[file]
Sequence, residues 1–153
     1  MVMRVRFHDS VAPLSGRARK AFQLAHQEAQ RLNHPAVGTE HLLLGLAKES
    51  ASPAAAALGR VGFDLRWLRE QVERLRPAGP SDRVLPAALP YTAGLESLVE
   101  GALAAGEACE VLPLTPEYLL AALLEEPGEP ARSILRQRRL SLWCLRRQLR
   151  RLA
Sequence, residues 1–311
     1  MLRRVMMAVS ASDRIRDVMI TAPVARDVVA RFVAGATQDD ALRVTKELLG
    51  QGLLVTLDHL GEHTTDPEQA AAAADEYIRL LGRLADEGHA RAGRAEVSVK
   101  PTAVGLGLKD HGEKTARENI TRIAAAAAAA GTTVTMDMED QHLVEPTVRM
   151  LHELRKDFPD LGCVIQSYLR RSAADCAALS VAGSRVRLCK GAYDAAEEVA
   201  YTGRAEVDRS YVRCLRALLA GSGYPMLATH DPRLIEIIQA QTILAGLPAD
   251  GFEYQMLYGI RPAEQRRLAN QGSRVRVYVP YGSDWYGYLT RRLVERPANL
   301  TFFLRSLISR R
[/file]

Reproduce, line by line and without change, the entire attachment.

Sequence, residues 1–153
     1  MVMRVRFHDS VAPLSGRARK AFQLAHQEAQ RLNHPAVGTE HLLLGLAKES
    51  ASPAAAALGR VGFDLRWLRE QVERLRPAGP SDRVLPAALP YTAGLESLVE
   101  GALAAGEACE VLPLTPEYLL AALLEEPGEP ARSILRQRRL SLWCLRRQLR
   151  RLA
Sequence, residues 1–311
     1  MLRRVMMAVS ASDRIRDVMI TAPVARDVVA RFVAGATQDD ALRVTKELLG
    51  QGLLVTLDHL GEHTTDPEQA AAAADEYIRL LGRLADEGHA RAGRAEVSVK
   101  PTAVGLGLKD HGEKTARENI TRIAAAAAAA GTTVTMDMED QHLVEPTVRM
   151  LHELRKDFPD LGCVIQSYLR RSAADCAALS VAGSRVRLCK GAYDAAEEVA
   201  YTGRAEVDRS YVRCLRALLA GSGYPMLATH DPRLIEIIQA QTILAGLPAD
   251  GFEYQMLYGI RPAEQRRLAN QGSRVRVYVP YGSDWYGYLT RRLVERPANL
   301  TFFLRSLISR R